How To: Infusing Tonka Beans in Oil
I happened across some last year, ordered a sample sized portion, and made an infusion I meant to share with you, but time somehow got away from me.
A Bit About Tonka BeansThese aromatic beans are also called tonkin beans and tonquin beans. They have a high content of coumarin, which gives them a sweet odor but bitter taste. Many describe the scent as having notes of vanilla, almond, and cherry.
Even though these beans have many culinary uses, their content of coumarin is the reason they are technically banned in the USA. High doses of coumarin is said to cause liver problems. (ref)
The beans have traditionally been used as a vanilla substitute as well as in perfumes and even in some tobacco products (think of the rich, warm, scent of some pipe tobaccos and you’re on track).
I find the scent fits the description pretty well: vanilla, almond and cherry do play into to the overall fragrance, but if you asked me to describe it, I would say tonka bean smells like 'a masculine version of vanilla'. It's heftier, deeper and, well, more manly somehow.
Preparing to InfuseAs I had a very small amount of the beans (the entire order is pictured at the top), I decided to use the lot. To release as much of the fragrance as possible, I prepared to crush the beans. This turned out to be a bit of a challenge as these babies are hard as rocks. The beans were placed in a food safe bag and 'whacked' with a rolling pin.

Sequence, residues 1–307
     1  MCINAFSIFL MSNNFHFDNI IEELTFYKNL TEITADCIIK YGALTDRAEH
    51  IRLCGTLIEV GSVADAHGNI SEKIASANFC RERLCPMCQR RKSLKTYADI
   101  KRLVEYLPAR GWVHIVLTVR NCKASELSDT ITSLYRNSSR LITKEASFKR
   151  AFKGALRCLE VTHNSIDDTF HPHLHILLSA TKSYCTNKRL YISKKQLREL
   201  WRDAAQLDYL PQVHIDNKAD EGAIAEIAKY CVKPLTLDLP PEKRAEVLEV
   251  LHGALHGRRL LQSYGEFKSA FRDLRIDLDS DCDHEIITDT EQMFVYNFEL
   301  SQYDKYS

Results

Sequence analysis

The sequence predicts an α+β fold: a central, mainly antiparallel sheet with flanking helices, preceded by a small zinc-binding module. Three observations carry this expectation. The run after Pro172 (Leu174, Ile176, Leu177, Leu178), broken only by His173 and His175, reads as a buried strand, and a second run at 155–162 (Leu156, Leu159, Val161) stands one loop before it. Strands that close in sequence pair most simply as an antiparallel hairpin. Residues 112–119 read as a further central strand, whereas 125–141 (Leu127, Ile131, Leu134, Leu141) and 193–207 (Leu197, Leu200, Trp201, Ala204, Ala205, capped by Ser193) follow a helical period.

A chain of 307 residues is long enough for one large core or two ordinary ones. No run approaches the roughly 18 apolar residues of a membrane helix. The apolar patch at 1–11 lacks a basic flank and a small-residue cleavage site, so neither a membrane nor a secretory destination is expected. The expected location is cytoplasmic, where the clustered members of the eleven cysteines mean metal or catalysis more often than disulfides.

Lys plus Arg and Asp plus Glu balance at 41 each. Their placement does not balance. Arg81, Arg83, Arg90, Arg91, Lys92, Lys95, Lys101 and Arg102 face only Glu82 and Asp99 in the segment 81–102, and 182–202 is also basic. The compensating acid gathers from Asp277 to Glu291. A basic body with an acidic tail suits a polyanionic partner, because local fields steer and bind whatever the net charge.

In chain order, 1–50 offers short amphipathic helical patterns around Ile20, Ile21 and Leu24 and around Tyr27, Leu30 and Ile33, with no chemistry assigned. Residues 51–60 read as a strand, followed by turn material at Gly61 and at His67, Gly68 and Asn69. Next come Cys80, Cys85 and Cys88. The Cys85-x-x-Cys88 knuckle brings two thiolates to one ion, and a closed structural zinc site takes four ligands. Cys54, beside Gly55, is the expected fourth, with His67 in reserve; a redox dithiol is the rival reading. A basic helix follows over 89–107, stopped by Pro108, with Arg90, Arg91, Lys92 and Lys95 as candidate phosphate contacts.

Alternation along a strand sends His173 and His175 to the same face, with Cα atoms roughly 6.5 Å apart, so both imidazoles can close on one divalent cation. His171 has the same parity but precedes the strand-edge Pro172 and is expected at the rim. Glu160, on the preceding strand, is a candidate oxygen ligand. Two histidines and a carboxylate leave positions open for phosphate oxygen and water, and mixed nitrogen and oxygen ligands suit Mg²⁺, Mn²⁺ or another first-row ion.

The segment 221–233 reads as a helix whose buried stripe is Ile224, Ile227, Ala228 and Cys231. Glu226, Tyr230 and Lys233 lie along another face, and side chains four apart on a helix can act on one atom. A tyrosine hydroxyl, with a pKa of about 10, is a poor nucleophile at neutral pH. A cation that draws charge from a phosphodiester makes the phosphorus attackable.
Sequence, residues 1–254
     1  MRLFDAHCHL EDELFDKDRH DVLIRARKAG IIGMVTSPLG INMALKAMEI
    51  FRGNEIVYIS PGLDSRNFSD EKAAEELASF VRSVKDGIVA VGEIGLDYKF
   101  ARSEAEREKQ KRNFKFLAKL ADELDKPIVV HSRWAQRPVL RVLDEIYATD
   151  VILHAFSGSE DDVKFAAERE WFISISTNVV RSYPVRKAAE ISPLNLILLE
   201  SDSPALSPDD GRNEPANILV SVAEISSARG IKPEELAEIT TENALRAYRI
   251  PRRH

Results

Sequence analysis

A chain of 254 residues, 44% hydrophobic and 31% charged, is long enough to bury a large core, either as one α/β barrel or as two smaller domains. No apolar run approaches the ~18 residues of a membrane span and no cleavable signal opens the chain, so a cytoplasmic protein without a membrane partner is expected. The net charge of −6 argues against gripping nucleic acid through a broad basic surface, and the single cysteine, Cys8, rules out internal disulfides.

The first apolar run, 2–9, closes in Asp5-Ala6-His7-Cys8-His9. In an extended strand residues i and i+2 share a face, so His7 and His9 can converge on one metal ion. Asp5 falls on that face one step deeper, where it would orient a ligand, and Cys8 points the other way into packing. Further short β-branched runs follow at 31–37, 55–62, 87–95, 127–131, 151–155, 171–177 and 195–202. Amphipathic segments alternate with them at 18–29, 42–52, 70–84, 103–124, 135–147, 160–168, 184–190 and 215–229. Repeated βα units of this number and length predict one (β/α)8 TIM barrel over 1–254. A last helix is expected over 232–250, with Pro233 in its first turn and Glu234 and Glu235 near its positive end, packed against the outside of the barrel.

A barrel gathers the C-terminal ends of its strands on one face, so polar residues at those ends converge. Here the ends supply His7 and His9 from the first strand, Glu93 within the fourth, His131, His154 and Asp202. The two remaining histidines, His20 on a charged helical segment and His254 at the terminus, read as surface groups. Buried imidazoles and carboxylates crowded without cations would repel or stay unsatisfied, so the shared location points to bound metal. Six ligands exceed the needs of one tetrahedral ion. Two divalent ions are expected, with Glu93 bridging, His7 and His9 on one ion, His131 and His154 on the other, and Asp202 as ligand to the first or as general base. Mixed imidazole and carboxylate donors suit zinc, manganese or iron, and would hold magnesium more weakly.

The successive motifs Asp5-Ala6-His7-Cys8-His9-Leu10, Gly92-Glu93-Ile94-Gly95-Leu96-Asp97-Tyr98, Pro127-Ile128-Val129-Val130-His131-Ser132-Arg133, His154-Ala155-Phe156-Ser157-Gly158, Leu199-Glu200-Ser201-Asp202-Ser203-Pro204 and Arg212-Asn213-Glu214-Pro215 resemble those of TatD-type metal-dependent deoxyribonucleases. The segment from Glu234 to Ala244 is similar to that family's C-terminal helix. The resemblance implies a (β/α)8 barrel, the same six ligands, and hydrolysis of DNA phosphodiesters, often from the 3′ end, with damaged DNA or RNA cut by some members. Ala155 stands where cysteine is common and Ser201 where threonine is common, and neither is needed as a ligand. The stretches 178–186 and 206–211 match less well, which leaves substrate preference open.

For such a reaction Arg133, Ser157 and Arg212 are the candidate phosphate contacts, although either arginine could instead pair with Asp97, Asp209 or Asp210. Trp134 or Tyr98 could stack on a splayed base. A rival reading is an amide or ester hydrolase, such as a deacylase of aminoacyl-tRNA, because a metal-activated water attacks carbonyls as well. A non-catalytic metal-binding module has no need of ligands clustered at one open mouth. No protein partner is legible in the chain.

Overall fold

This took more time and muscle than I expected, but it was worth the effort as the intoxicating fragrance was indeed released. Pictured is the result of the whacking.
All the bits were placed in a small jar and jojoba was poured in to cover.
I employed the sun infusion method for this batch and checked the scent periodically. As this is my first time working with tonka beans, I let my nose be the guide and didn't strain until it 'smelled like it was done' (very scientific method). As it turned out, this was after about 6 weeks.
The strained beans were promptly added to an ongoing batch of vanilla-infused oil to give it a little extra boost. (highly recommended!)
The final infused oil has made its way into a couple of balms, a face serum and even a foundation lotion base.
Even though this was a very small batch, I find a little goes quite a long way with the infused oil. It has a lovely fragrance and works well with other infused oils as well as essential oils.
I will most def be ordering more of these.
Do TellHave you ever worked with tonka beans? Please share in a comment below.
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More InfoWikipedia on Tonka Beans
How to Cook with Tonka Beans (Great British Chefs)
Coumarin, the illegal chemical..., McGill, Office for Science and Society